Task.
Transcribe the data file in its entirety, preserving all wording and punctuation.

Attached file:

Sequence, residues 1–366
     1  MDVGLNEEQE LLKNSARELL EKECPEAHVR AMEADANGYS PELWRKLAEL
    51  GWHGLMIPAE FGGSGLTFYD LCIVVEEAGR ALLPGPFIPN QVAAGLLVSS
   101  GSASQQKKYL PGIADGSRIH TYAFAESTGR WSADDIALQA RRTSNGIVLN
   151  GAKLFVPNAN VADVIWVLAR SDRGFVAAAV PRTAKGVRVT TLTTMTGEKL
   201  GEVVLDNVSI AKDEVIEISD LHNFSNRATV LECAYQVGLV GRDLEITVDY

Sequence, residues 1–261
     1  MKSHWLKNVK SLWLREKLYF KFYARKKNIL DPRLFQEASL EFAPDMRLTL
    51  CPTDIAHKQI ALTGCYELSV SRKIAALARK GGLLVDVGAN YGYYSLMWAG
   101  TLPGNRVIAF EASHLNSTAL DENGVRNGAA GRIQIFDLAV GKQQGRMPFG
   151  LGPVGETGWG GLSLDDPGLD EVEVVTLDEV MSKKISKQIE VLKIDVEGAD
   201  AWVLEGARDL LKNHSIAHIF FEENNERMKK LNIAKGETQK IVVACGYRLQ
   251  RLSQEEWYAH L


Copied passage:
Sequence, residues 1–366
     1  MDVGLNEEQE LLKNSARELL EKECPEAHVR AMEADANGYS PELWRKLAEL
    51  GWHGLMIPAE FGGSGLTFYD LCIVVEEAGR ALLPGPFIPN QVAAGLLVSS
   101  GSASQQKKYL PGIADGSRIH TYAFAESTGR WSADDIALQA RRTSNGIVLN
   151  GAKLFVPNAN VADVIWVLAR SDRGFVAAAV PRTAKGVRVT TLTTMTGEKL
   201  GEVVLDNVSI AKDEVIEISD LHNFSNRATV LECAYQVGLV GRDLEITVDY

Sequence, residues 1–261
     1  MKSHWLKNVK SLWLREKLYF KFYARKKNIL DPRLFQEASL EFAPDMRLTL
    51  CPTDIAHKQI ALTGCYELSV SRKIAALARK GGLLVDVGAN YGYYSLMWAG
   101  TLPGNRVIAF EASHLNSTAL DENGVRNGAA GRIQIFDLAV GKQQGRMPFG
   151  LGPVGETGWG GLSLDDPGLD EVEVVTLDEV MSKKISKQIE VLKIDVEGAD
   201  AWVLEGARDL LKNHSIAHIF FEENNERMKK LNIAKGETQK IVVACGYRLQ
   251  RLSQEEWYAH L